Hi DW's! As many of you already know, last week I was in Haiti on a missions trip with friends. I was part of a small group of four people who independently traveled there to help out friends at The Apparent Project. The trip proved to be overwhelming on so many levels considering the large amount of poverty and the mass rubble still present from last year's earthquake in Port au Prince. Anyway, my bunk-mate and fellow DW friend, Jennifer, wrote a daily synopsis of the experience (from her viewpoint) in order to update family and friends while we were there. I was so impressed with her writings, I asked for her permission to post them here on Fresh Flowers for the coming week. We hope and pray that these daily entries paint a real-life picture for you and bless your hearts to further help the poor, the widowed, and the orphaned as mandated in James 1:27.
Religion that God our Father accepts as pure and faultless is this: to look after orphans and widows in their distress and to keep oneself from being polluted by the world. (James 1:27)
Ladies, each one of us is able to make a difference in the lives of others! We must only be willing to follow God's call! May you be richly blessed by His love as you enjoy Jennifer's writings this upcoming week. Blessings! ~Victoria
(Pictured above: Peterson & DW Jennifer)
My Heart Broken in Haiti (Day 3)
By Jennifer TheodorouYesterday was a day of complex emotions for me. For the most part, it was a day of great joy. Joy found in places I would never find at home. It was a busy day of multiple tasks, all in an effort of preparation for a very special guest at Apparent Project. The new President of Haiti is said to be preparing for a visit. President Martellie, throughout his campaign stood on a platform of Job Creation and Development. He understands that without employment for the Haitian people, there are no answers to any other problems here. Obviously, someone has told him that Apparent is getting the job done.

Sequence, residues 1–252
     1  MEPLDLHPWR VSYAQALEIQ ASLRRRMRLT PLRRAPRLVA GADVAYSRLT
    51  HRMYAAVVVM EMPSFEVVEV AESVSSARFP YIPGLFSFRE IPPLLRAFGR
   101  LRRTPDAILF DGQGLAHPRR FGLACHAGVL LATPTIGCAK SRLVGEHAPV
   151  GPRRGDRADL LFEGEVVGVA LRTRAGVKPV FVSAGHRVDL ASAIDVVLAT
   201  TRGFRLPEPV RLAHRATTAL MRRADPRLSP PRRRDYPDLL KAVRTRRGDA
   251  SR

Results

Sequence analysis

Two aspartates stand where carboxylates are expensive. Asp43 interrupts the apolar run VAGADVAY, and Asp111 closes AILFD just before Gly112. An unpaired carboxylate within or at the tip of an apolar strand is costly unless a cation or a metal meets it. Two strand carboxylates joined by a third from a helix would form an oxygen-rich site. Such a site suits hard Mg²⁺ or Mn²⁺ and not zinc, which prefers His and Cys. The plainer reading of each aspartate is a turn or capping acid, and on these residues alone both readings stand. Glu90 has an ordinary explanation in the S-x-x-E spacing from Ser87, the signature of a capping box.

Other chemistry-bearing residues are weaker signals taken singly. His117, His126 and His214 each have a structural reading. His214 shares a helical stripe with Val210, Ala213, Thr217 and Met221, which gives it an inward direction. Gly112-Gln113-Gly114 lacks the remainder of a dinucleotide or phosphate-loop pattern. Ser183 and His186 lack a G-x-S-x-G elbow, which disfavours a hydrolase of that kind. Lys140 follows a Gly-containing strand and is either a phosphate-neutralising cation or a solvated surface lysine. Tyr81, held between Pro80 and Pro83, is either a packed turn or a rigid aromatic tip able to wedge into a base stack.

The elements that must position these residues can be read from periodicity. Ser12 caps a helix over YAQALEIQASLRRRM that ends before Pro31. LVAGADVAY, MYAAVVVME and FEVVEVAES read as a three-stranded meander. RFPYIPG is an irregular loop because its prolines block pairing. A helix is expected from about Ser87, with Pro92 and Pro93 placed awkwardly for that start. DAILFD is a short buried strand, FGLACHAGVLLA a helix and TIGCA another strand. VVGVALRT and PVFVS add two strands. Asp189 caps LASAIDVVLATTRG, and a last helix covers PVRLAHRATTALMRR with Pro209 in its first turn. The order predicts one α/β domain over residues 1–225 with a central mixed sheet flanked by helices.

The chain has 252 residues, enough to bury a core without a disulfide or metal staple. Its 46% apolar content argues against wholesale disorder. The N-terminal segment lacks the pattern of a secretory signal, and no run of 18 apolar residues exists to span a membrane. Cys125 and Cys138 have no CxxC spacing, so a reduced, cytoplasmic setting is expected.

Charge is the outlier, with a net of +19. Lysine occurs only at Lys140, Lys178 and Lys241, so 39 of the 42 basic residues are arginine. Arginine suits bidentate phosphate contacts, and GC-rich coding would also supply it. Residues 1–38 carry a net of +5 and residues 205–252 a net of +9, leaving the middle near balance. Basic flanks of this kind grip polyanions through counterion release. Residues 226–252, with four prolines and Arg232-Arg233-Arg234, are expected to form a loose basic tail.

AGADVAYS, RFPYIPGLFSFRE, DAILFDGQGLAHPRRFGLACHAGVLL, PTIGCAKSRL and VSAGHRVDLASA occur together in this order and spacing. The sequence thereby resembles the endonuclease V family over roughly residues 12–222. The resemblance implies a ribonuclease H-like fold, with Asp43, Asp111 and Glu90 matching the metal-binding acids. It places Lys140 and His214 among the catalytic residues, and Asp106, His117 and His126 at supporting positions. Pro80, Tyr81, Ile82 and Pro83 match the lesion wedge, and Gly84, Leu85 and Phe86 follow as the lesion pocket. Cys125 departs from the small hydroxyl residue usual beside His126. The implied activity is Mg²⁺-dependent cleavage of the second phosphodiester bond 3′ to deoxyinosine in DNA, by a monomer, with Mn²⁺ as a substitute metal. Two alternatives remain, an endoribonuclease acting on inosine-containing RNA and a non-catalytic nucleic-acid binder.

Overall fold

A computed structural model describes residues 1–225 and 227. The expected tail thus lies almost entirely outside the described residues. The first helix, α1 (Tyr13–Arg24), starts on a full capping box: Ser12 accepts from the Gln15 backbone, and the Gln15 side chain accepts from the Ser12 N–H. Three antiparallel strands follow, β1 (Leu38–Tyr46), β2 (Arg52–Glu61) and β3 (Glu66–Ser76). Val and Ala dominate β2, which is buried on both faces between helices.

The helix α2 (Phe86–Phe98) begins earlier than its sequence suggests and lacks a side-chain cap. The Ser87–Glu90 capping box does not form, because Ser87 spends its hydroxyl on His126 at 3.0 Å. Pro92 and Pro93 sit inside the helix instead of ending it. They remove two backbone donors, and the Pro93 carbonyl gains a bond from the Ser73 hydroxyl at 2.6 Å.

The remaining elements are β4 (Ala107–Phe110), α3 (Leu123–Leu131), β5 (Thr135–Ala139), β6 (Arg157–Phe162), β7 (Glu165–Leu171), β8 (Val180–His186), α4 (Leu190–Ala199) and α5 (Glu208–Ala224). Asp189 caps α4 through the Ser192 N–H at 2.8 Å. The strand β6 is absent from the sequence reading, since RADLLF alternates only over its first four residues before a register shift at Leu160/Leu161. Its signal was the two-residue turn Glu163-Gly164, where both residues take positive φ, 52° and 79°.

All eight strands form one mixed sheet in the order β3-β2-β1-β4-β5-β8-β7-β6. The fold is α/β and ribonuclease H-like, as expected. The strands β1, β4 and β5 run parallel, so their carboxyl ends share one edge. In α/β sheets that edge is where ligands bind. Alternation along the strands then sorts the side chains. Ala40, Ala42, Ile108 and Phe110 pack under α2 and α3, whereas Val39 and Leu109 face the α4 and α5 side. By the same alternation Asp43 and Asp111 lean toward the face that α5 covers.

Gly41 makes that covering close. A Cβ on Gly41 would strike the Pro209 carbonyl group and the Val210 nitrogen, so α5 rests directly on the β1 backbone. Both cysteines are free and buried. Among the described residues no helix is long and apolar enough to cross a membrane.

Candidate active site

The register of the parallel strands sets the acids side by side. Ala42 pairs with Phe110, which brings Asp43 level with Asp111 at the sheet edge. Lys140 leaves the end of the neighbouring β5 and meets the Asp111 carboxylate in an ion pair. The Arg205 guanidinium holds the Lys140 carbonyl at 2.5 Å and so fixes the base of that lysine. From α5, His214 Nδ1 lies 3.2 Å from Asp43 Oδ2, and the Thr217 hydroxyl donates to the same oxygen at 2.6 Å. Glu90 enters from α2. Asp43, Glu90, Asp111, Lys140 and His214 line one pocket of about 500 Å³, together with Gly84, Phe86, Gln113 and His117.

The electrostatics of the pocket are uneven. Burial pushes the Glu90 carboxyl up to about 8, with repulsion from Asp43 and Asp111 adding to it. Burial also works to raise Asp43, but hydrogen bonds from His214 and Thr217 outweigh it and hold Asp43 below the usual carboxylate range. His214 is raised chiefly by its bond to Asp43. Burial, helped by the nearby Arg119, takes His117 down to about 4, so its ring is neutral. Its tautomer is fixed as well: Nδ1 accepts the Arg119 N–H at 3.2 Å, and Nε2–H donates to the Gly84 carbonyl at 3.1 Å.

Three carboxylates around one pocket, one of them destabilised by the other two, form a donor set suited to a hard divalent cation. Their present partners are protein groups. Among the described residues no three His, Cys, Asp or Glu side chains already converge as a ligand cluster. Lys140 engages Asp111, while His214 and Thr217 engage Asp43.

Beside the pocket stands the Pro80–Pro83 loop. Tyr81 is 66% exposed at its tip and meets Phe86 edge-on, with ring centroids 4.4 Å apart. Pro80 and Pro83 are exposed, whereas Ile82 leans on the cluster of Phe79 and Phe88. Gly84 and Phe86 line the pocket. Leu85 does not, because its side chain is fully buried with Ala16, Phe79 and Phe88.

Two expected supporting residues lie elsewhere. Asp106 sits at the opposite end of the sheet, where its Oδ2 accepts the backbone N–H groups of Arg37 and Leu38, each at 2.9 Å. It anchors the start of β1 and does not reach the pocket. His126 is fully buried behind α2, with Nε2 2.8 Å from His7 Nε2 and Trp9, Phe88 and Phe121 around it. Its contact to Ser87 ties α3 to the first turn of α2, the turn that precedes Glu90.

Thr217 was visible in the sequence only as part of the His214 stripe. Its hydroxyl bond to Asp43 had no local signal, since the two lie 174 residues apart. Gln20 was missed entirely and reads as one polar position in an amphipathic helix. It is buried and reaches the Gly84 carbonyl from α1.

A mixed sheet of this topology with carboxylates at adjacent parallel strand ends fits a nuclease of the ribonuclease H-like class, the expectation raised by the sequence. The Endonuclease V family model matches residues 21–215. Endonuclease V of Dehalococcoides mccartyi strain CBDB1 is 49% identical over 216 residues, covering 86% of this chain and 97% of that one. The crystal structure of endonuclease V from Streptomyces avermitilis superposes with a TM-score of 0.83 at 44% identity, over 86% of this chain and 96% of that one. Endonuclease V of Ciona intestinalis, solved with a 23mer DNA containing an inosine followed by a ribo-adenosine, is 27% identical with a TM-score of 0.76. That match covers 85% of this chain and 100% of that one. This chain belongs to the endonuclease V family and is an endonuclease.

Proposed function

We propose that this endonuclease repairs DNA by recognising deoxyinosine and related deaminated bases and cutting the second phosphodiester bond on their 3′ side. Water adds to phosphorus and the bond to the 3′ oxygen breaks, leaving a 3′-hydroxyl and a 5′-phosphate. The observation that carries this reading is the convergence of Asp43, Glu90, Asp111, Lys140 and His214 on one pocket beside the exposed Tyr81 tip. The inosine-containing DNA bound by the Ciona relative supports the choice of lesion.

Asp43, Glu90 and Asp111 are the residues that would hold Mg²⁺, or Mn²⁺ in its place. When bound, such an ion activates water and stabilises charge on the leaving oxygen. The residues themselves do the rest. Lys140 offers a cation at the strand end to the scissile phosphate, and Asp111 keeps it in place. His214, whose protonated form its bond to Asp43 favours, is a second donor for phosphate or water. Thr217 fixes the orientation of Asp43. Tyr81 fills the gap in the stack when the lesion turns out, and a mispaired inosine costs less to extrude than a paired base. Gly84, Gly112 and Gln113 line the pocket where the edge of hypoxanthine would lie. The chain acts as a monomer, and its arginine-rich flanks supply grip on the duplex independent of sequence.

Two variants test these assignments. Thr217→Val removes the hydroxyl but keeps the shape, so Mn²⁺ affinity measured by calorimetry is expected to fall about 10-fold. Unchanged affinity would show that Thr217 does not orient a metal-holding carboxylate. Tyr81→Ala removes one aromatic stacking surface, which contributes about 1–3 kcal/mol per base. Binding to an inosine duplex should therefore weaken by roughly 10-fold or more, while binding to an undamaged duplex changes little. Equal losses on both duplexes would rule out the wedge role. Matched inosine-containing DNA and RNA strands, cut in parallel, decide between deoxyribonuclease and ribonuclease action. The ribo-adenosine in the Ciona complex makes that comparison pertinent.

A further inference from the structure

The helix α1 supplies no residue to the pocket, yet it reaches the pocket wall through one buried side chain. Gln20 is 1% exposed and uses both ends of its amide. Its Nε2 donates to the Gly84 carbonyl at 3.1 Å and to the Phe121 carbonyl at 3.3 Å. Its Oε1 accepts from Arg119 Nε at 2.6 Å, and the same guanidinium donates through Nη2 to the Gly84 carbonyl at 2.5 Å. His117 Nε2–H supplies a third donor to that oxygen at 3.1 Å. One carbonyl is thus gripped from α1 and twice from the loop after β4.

And so, a great part of today was spent painting the entry courtyard of the Guesthouse/Artisan workshop. Well protected by some serious sunscreen and armed with a paint brush and a small bench for reaching the higher places, I set to work.
To be honest, painting is not my most favorite task at home. Painting in 90 degree heat and humidity? Something I would surely try to avoid. But here, as I worked, I found myself overwhelmed with immense joy. True happiness in my heart to be helping with such important preparations. I actually felt HONORED! I mean, imagine (if) the president of the United States was planning a visit to your home or place of business! Wow!
So, for several hours I painted by myself while the others performed other tasks around the house. After completing one area of the courtyard, and about as much sun as I could handle for the moment, I took a break. I ate a granola bar, had some water and allowed myself to cool down a bit.
The others had now joined in on a second area, so I found myself a place in the shade that needed some work. As I worked I heard a young voice, "Hello.", with a strong creole accent. I looked over to the street side window where I worked to see the sweetest face of a young Haitian boy peering in.
I greeted him, "Bonjour.", and introduced myself, "Mwen rele, Jennifer."
He introduced himself as Peterson.